Starting a business comes with a certain amount of risk, but one of the best ways to improve your odds of business success is to understand your budgetary needs and the finance options that are available to help you start, manage, and grow your small business.
So How Much Funding Do You Really Need?
First, you'll need to determine your budgetary needs and estimate your startup costs. Since every business is unique and has different cash needs depending on how developed the business is, there isn't really a one-size-fits-all way to estimate your startup costs. Certain businesses may be able to get going on a smaller budget, while others require significant investments in inventory, equipment, and infrastructure. You'll also nee to consider costs associated with an office, retail, or building space as well as the purchase of any gear you need to get going.
To determine what you need to start, you'll need to estimate the cost of doing business for your first few months. Some expenses are ongoing, like utilities, insurance, etc., while others are one-time costs like a sign for your building or business fees. As the list grows, you'll need to identify which costs are essential and which are optional and focus on only those things that are truly necessary to start your business. The most effective way to calculate your startup costs is to evaluate both your one-time and ongoing costs.
Believe it or not, credit cards are a major source of financing for many small business owners, especially those who are just getting started. It's a popular approach, but it's critical to do your research to determine if borrowing on credit is the best approach for your business. Here are some tips to consider, courtesy of Entrepreneur.com:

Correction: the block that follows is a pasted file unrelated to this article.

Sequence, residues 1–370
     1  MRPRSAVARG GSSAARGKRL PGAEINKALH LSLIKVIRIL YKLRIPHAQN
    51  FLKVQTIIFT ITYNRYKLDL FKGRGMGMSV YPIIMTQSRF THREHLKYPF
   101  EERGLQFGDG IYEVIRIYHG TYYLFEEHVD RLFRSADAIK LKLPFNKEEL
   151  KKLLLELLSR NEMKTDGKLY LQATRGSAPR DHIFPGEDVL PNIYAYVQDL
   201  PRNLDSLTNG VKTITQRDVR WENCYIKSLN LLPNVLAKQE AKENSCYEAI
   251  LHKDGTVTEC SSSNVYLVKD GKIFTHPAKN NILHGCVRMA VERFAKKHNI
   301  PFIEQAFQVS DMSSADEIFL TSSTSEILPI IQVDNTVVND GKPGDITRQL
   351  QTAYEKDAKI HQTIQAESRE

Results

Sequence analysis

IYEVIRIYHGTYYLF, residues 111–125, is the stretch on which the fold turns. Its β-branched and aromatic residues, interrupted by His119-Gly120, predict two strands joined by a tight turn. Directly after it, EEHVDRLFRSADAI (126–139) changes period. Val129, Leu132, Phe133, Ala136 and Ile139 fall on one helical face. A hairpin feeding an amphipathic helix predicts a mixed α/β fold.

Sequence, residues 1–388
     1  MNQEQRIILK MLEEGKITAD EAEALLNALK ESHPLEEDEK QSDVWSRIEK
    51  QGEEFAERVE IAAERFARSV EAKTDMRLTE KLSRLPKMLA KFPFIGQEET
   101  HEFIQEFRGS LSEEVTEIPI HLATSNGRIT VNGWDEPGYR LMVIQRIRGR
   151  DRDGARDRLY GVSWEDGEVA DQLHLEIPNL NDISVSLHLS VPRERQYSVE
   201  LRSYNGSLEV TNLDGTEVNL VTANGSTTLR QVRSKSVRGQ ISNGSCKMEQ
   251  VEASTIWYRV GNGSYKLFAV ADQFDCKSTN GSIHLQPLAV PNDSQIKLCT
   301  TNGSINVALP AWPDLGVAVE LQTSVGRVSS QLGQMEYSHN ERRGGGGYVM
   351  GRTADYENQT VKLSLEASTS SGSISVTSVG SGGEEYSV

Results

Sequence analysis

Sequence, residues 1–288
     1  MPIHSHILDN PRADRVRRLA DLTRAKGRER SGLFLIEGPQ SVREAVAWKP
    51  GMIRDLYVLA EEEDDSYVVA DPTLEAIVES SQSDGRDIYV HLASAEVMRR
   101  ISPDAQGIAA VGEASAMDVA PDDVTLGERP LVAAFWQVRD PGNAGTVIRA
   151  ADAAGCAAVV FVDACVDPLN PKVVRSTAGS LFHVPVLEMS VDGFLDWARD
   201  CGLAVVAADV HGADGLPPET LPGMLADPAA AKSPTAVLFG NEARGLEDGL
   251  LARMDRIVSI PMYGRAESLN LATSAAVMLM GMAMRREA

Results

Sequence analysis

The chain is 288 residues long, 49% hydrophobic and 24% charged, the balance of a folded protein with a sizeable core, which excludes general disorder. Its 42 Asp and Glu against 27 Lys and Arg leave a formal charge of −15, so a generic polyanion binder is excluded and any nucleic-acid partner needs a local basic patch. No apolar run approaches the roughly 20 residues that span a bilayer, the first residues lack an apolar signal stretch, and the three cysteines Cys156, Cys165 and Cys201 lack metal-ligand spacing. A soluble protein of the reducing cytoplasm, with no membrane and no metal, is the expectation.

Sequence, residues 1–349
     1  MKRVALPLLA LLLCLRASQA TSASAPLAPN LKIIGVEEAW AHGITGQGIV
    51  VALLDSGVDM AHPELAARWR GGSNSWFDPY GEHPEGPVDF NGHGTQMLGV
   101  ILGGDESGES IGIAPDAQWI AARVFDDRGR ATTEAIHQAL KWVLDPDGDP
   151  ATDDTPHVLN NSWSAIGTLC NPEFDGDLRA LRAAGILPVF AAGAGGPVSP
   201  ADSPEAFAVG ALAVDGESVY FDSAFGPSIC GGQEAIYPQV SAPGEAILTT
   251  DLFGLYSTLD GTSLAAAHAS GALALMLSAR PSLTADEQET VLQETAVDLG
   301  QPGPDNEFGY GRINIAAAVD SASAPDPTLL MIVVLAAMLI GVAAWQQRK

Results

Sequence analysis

- Unless your business is incorporated – so if yours is a sole proprietorship, for instance – you are guarantor of all debts. So if your sales are slow and you fall behind on payments, you risk your personal credit rating and your ability to borrow
- Rules vary by state, but your credit card issuer may still require that shareholders with significant ownership guarantee your line of credit – even if your business is incorporated
- If you're planning to bring on partners, make sure your agreement states that they will accept personal guarantees on all existing business debt. You need to address this specifically because in many states, new partners aren't automatically responsible for previous debt
Borrowing From Friends and Family
If your business requires a significant investment up front and you don't have a strong credit history (or don't want to deal with banks or private lenders), it would not be unusual to look to friends and family for startup cash when your business isn't firmly established. While this may get you quicker access to cash with fewer obstacles, you also risk potential conflict with family and friends if you have trouble repaying the loan.
Not sure of the protocol when it comes to approaching an informal investor, like a friend, mentor, or family member? Check out this blog post for six critical tips when borrowing startup funds from friends or family.